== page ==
If you need beta readers, or you want to become one, Goodreads can help. One of their groups is Beta Reading and Editing, and you can post your willingness/availability/charges, or look for someone to read your work. They will send you occasional email updates, but to get the most from it, you should check it regularly yourself. I don’t need to tell you that the advantage of having a beta reader you don’t know is that they don’t know what you’re trying to say, either. And if they don’t get it, they’ll tell you so. Don’t rely on your cousin Antonia!
Finally – enjoy the rest of the summer – our next meetings will be on September 19th and 20th. Look forward to seeing you there. If you have anything to add or correct, please let me know in the comments.
And if you like this blog, please follow it. Thanks!
I love Flavorwire, where Emily Temple, their brilliant but hard-to-find literary editor, is on the lookout for different ways of looking at books. Last month she published a list of 15 scathing reviews given to literary classics when they first came out; The Great Gatsby, Wuthering Heights, Catch 22 – all reviled. Here are some samples:
On Madame Bovary: “Monsieur Flaubert is not a writer.” — Le Figaro, 1857.
On Brave New World: “Mr. Huxley has been born too late. Seventy years ago, the great powers of his mind would have been anchored to some mighty certitude, or to some equally mighty scientific denial of a certitude. Today he searches heaven and earth for a Commandment, but searches in vain: and the lack of it reduces him, metaphorically speaking, to a man standing beside a midden, shuddering and holding his nose.” — L.A.G. Strong, 1932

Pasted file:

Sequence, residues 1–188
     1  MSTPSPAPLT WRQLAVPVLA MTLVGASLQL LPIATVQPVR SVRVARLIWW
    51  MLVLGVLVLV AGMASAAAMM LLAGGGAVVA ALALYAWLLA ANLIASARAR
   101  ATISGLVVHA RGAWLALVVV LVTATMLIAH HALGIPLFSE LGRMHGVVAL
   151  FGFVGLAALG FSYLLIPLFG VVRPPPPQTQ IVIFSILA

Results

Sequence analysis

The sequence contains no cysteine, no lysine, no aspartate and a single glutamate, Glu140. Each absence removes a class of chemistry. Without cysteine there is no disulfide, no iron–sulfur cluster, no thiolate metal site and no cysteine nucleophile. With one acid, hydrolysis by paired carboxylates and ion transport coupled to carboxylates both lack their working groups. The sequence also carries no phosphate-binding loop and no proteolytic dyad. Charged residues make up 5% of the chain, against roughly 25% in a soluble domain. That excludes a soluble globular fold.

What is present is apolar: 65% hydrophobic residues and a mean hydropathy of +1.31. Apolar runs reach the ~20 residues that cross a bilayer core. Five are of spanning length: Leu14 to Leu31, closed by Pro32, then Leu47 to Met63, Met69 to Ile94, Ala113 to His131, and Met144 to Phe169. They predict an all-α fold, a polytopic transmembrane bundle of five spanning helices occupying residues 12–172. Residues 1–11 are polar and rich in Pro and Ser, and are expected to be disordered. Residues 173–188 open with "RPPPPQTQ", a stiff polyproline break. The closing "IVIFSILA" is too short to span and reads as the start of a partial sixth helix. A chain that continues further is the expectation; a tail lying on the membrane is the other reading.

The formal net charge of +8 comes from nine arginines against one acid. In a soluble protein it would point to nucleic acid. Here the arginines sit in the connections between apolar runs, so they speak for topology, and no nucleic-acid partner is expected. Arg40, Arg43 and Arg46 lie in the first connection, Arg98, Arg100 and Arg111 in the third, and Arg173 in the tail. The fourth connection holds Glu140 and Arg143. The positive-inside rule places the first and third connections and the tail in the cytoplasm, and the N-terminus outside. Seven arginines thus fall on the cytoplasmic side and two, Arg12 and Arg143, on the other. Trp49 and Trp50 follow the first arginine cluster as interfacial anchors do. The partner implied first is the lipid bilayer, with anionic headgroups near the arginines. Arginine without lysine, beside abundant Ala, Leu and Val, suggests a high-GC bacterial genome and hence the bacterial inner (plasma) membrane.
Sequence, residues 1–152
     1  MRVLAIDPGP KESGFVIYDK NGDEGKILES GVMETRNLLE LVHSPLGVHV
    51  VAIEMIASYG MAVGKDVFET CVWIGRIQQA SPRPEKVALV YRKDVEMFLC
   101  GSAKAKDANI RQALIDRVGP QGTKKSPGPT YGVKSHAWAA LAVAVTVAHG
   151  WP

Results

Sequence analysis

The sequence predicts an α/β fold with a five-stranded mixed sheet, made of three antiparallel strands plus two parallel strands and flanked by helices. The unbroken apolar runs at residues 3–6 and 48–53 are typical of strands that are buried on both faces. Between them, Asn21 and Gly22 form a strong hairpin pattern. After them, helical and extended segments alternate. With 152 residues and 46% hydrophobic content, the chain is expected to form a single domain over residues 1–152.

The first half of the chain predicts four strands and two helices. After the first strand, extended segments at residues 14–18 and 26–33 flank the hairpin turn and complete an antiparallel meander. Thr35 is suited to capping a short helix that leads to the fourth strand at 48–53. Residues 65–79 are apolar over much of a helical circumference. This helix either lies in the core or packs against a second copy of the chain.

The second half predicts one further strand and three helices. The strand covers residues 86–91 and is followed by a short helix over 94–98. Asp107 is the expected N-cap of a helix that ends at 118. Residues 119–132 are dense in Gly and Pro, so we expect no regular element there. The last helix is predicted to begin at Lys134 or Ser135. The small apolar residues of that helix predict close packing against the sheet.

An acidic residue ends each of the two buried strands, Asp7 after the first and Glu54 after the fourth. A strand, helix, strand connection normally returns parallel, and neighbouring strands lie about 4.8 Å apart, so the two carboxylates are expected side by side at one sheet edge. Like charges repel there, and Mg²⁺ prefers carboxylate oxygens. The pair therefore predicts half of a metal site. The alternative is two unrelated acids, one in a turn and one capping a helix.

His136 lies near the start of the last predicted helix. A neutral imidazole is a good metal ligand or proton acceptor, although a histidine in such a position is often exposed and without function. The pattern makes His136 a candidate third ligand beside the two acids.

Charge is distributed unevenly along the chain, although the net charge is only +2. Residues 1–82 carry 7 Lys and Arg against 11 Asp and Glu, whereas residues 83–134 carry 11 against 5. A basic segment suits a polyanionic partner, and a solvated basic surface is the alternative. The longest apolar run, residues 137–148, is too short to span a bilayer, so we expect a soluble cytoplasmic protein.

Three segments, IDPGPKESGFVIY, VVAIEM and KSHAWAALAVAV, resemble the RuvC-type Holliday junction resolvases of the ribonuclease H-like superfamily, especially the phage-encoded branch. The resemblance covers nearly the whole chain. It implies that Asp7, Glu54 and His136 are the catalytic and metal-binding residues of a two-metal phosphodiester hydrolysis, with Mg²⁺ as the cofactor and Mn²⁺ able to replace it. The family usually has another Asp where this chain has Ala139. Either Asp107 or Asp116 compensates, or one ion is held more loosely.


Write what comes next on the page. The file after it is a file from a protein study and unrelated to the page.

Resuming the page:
On The Catcher in the Rye: “This Salinger, he’s a short story guy. And he knows how to write about kids. This book though, it’s too long. Gets kind of monotonous. And he should’ve cut out a lot about these jerks and all that crumby school. They depress me.” — James Stern, The New York Times, 1951
Read the whole article here
Joanna Penn has one of the best sites around for indie writers – she’s a source of constant inspiration and generously shares her knowledge with the rest of us. Her website, The Creative Penn, is regularly listed among the Top Ten Blogs for Writers, and she has indie published the first two novels of her Arkane trilogy, (Prophecy and Pentecost) under the name J.F. Penn. She often asks people to write guest blogs for her, and recently featured this one by Laura Pepper Wu, about how to get more and better book reviews. I thought it was fascinating, as well as useful.
How to Get Amazon’s Top Reviewers to Review Your book
We all want more book reviews but until you have a huge readership waiting for organic reviews can be… well, a long wait!
One way to get more high quality, (usually) well-written and highly regarded reviews is to ask the ‘Amazon Top Customer Reviewers’ to take a look at your book.
Why target the top Amazon reviewers?
While I’ve seen some reviewers with 7,000+ reviews, the Top Customer Reviewer award is not only about the number of reviews one person has churned out. At the time of writing, the #1 top customer reviewer on Amazon has only (!) 671 reviews under his belt.
As always, Amazon uses a complex algorithm to determine…
Read the rest here:
Laura Pepper Wu is a writer and the co-founder of 30 Day Books: a book studio and Ladies Who Critique, a critique-partner finding site. She has successfully marketed several books to become Kindle and print best-sellers.